Showing up is a critical first step in the knowledge management practice.   Most leaders don’t have time to read.  I know how that sounds but it is true.   Chances are they will make time to meet if they are given a good reason.  That meeting is critical to both you and leadership.  It could be an opportunity to move forward with your ideas or fail fast and move on.

Part 2..  

“Senior leadership isn’t interested in what I have to say.”

“They (leaders) don’t care what we think.”

“We are just the hired help here.”

“I don’t have time and I am not really motivated”

“I have tried before and it didn’t work.”

Sound familiar.. will talk more about this next week.

  

Lesson Learned in Knowledge Management (EBOLA)

o-EBOLA-VIRUS-facebook

Ignorance = Death

Last year, I wrote about a lack of KM in the medical industry.https://cohenovate.com/2013/12/30/knowledge-management-and-healthcare/   It was a sad commentary then and it is even more frightening now.  Some of you may be aware that errors in healthcare account for a significant number of deaths in America.

In 2010, the Office of Inspector General for Health and Human Services said that bad hospital care contributed to the deaths of 180,000 patients in Medicare alone in a given year.

Now comes a study in the current issue of the Journal of Patient Safety that says the numbers may be much higher — between210,000 and 440,000 patients each year who go to the hospital for care suffer some type of preventable harm that contributes to their death, the study says.

That would make medical errors the third-leading cause of death in America, behind heart disease, which is the first, and cancer, which is second. (http://www.propublica.org/article/how-many-die-from-medical-mistakes-in-us-hospitals)

ebola-graphic

Lack of Awareness

Texas nurses said that there were no protocols. (http://www.cnn.com/2014/10/15/health/texas-ebola-nurses-union-claims/index.html?hpt=hp_t1)  Maybe they had the guidelines on their Sharepoint instance?  Maybe they had their process on Jive? Maybe they had their instructions on Yammer or Podio or…  

What they don’t have is effective Knowledge Management.  This is the truth.

Let me state this for the record, as I have mentioned this in past postings.  Knowledge Management is about getting, presenting, raising awareness, sharing, identifying, bringing to light.. the RIGHT INFORMATION AT THE RIGHT TIME.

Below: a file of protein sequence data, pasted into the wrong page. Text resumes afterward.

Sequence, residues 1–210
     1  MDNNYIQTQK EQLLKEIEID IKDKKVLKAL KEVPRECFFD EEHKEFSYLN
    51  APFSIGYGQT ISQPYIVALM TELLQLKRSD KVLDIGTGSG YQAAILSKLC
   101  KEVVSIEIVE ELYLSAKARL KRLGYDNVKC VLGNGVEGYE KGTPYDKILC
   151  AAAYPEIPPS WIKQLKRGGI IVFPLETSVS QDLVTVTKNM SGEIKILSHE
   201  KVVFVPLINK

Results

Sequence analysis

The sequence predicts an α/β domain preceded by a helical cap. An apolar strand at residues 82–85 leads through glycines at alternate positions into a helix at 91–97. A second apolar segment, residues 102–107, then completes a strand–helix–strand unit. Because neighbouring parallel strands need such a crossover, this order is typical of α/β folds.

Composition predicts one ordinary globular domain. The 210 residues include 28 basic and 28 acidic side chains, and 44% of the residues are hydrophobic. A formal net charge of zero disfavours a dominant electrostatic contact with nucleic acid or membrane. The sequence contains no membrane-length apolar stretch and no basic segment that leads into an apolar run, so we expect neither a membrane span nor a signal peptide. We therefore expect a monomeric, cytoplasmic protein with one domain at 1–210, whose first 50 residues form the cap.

If you think for a moment that I am using this tragic situation to get the message out on Knowledge Management, I will tell you in fact that I am.   We can go through the history of knowledge management failures and find the critical element that is missing and that is the human element.  These failures result in death.

Doctors and nurses need access to real time information that INFORMS them of what they need to do and what precautions they have to take.   In fact, think about this folks.. WE CARE MORE ABOUT CYBER SECURITY THAN PEOPLE.

Everything when it comes to medicine seems to be approached from an academic perspective.  If you look at the agencies that do care about healthcare they are not considered or looked at in the same way as cyber communities.   For example, are hospitals going to the WHO or USAID for daily updates and coordination?   I highly doubt it and I think the results of the situation from a global perspective is telling.  The CDC doesn’t want us to worry because they don’t want a panicdemic.  (yep, I made that up).  We are facing an enemy that doesn’t care about boundaries or what side you are on.  We are facing an enemy that doesn’t look at right or wrong.  It just has intent of killing the system.  That is it.  We can’t afford to be ignorant.  We can’t afford to make mistakes that are easily correctable.

What is needed?

  • A quick turn incidence response and disaster response operational check up for every medical organization in the US.
  • A safety and contagion knowledge plan that addresses known and new issues and concerns through every turnover, handoff, meeting or organization interaction.
  • A strategic outreach and communication plan for healthcare providers, practitioners and patients.
  • A KM plan that seeks to elevate and prioritize content for communication in the organization.
  • An “as you learn.. share” plan.  (If you know information that will save a life, share it)
  • Researchers that have worked on attacking ebola need to share their failures and their success.  (YES FAIL) We need to pick up where others left off and share information, not hold information so that we can be the trophy winner.
  • We need leaders in the KM space to step up and share best practices, lessons learned and how to’s for knowledge transfer and elicitation.

Ebola-Delhi_2048436f

Ebola virus can be used for terrorism.. Think about that for a moment. 

Links to Ebola sites

European Links

Links to Ebola sites

Commission

DG SANCO:    http://ec.europa.eu/health/ebola/index_en.htm

DG ECHO:       http://ec.europa.eu/echo/en/news/ebola-outbreak-west-africa-additional-funding-brings-eu-aid-%E2%82%AC39-million

European External Action Services (EEAS)